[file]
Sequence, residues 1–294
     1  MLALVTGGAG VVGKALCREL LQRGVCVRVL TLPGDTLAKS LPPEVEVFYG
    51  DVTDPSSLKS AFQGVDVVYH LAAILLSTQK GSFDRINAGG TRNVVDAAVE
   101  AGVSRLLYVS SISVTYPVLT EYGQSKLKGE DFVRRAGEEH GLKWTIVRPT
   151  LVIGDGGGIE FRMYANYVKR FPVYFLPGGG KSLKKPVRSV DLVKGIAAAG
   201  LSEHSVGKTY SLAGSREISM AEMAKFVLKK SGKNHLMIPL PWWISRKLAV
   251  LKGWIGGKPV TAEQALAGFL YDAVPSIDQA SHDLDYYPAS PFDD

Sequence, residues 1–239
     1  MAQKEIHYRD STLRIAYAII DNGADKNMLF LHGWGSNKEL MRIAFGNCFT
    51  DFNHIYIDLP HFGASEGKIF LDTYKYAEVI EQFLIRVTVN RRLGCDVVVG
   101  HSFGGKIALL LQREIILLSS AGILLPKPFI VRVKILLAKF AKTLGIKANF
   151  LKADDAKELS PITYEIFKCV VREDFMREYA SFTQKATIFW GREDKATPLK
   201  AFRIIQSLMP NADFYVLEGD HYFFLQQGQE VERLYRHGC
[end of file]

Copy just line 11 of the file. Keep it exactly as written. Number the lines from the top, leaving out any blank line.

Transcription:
   101  HSFGGKIALL LQREIILLSS AGILLPKPFI VRVKILLAKF AKTLGIKANF